Your New Dog
Getting a new dog doesn't mean you are just getting a pet, it means you are also getting a best friend who will give you a lifetime of unconditional love, loyalty, and friendship. In return your dog will count on you to provide food, water, shelter, exercise, care and companionship.
Owning and caring for a puppy or a full grown dog is a big responsibility and each dog will have different requirements depending on the breed, the age of the dog and also where you got the dog from. A dog from an animal shelter may have specific care and training needs compared to a puppy from a registered breeder.
If you have decided to get a dog you will need to be sure that you will be able to take on the full commitment to it. If you have children, will they be able to accept it? Do you know which breeds are best with children? Do you have the time required to care for the dog, including exercise, training and companionship? Can you afford to feed and take care of the veterinary costs involved with dog ownership? Would a puppy or adult dog be better suited to your home and family?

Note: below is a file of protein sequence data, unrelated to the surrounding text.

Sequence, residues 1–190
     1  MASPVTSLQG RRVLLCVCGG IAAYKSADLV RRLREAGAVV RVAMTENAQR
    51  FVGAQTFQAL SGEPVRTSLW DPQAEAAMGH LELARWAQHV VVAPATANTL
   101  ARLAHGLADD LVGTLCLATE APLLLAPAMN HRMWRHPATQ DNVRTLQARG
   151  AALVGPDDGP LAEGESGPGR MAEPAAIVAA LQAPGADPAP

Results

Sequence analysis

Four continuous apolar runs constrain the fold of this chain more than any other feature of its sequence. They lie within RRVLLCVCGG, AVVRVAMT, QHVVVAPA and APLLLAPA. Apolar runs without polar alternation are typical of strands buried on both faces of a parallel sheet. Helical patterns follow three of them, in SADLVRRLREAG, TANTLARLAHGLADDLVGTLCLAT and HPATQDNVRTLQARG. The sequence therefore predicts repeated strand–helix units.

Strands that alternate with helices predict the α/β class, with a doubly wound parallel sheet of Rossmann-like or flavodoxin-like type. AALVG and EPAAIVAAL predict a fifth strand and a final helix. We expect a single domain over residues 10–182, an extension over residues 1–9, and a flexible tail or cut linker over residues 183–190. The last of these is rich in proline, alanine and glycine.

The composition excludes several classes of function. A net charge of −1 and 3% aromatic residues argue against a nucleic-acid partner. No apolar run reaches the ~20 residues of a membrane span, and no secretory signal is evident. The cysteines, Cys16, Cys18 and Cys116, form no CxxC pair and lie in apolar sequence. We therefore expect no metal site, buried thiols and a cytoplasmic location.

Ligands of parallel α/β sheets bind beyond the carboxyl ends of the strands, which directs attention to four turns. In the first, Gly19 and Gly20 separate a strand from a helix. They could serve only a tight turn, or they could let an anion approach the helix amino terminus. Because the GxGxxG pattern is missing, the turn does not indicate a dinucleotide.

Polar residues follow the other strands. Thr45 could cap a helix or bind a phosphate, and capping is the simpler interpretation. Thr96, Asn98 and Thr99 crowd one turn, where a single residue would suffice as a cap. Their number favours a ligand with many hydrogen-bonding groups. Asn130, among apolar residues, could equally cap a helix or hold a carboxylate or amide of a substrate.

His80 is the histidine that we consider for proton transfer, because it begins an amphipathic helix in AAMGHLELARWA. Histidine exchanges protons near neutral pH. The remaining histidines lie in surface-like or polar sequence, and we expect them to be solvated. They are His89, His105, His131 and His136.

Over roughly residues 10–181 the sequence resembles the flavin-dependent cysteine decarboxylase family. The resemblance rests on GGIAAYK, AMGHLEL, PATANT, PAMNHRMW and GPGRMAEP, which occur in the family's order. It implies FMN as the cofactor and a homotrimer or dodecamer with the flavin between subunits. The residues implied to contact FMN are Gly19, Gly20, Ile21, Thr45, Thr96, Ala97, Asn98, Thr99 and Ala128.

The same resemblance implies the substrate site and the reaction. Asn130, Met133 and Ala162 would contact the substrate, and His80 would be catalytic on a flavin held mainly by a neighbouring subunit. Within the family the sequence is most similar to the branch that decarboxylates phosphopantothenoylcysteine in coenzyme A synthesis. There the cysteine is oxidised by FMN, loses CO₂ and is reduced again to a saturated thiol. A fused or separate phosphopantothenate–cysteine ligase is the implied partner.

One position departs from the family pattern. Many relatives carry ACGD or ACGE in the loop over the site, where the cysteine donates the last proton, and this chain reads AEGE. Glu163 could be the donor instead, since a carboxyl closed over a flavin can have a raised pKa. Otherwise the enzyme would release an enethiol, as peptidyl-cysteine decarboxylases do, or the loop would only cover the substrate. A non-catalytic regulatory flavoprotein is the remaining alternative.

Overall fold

It is important that you do some research and take some time to learn about different breeds of dogs and work out what kind of dog will fit into your lifestyle most easily.
There are many ways to find out about the traits of purebred dogs. You can talk to your local vet, breeders or use books or the internet. If you decide to get a puppy, find out as much as you can about its parents, the puppy's litter habits and its health. A cross breed dog, or mongrel, will be every bit as good a friend and companion as a pedigree and may have fewer inherited genetic defects.
If you decide to get a dog from a animal shelter they will be able to advise you on what dogs will suit you best and offer advice on the behaviour of each individual dog.